Chautauqua Lecture Examines "Optimism Bias"

Published on November 20, 2015

The way people view the world determines how they react to it, and human beings are wired to be optimists.

Dr. Tali Sharot will discuss the implications of this and how to utilize this knowledge at her Chautauqua lecture on Thursday, Dec. 3, at Eastern Kentucky University. A cognitive neuroscientist, author and director of the Affective Brain Lab at University College London, she will present “The Optimism Bias: What If We’re Really Wearing Rose-Colored Glasses?” at 7:30 p.m. in O’Donnell Hall of the Whitlock Building. Her talk is free and open to the public.

The Affective Brain Lab studies how motivation, emotion and social interaction determine our expectations of the future, our everyday decisions, our memories and our ability to learn. By understanding these basic cognitive and neural processes, the Affective Brain Lab aims to identify ways to encourage behavioral change that enhance well-being.

Sharot’s work investigates how and why people are resistant to warnings and what can be done about it. Her research demonstrates that our brains aren’t just shaped by the past, but are constantly being shaped by expectations about the future. She examines how our natural tendencies toward optimism even shape what we remember, encompassing behavioral research and seeking to identify specific brain centers where optimism resides.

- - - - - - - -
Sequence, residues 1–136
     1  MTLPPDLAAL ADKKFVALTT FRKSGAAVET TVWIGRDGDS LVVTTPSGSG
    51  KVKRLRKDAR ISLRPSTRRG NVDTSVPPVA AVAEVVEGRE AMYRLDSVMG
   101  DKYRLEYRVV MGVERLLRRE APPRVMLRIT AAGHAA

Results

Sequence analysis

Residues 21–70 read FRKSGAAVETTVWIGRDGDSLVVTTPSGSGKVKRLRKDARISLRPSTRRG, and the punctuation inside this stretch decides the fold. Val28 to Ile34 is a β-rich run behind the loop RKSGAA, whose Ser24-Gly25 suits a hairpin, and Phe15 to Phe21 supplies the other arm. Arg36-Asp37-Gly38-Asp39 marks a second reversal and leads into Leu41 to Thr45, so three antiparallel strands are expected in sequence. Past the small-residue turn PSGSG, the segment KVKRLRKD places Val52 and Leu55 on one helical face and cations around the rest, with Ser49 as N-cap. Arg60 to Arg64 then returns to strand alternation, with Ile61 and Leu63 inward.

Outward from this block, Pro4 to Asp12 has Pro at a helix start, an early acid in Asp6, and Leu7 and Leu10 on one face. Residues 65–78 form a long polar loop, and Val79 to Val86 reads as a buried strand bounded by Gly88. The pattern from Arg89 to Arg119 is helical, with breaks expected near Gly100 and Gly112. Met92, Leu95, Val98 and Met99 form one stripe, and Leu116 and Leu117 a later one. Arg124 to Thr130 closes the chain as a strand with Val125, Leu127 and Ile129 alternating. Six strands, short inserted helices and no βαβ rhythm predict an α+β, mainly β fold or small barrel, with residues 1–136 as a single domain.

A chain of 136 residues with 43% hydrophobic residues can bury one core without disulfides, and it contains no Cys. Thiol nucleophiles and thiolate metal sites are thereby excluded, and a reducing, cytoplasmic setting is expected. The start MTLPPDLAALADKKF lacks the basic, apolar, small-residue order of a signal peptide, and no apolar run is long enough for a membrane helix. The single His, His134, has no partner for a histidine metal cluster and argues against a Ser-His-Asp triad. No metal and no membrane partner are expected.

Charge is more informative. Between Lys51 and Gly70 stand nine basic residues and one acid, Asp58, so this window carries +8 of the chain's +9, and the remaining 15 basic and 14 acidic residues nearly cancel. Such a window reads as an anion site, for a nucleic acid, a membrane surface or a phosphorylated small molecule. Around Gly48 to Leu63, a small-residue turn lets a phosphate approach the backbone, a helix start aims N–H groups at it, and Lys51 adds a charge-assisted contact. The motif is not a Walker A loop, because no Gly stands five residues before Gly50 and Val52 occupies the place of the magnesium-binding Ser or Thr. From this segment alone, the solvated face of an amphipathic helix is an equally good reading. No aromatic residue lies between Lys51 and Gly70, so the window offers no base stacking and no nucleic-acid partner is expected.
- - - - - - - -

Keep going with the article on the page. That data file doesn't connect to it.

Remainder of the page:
Sharot is the author of “The Optimism Bias: A Tour of the Irrationally Positive Brain,” published in 2011, and co-editor of “The Neuroscience of Preference and Choice,” published in the same year.

Her findings on the neuroscience of optimism, emotional memories and cognitive dissonance have been published in top scientific journals, including Nature, Science, Nature Neuroscience and Psychological Science. She has also written essays for The New York Times, Observer and Time Magazine.

She earned two bachelor’s degrees from Tel Aviv University and did her doctoral work at New York University. She has conducted research at the University of California, Harvard University and the Weizmann Institute for Science and is a Wellcome Trust Fellow.

Sharot’s lecture is sponsored by the Department of Psychology, the office of Graduate Education and Research and the Honors Program.

For more information, visit www.chautauqua.eku.eduor contact Chautauqua Lecture Coordinator Dr. Erik Liddell at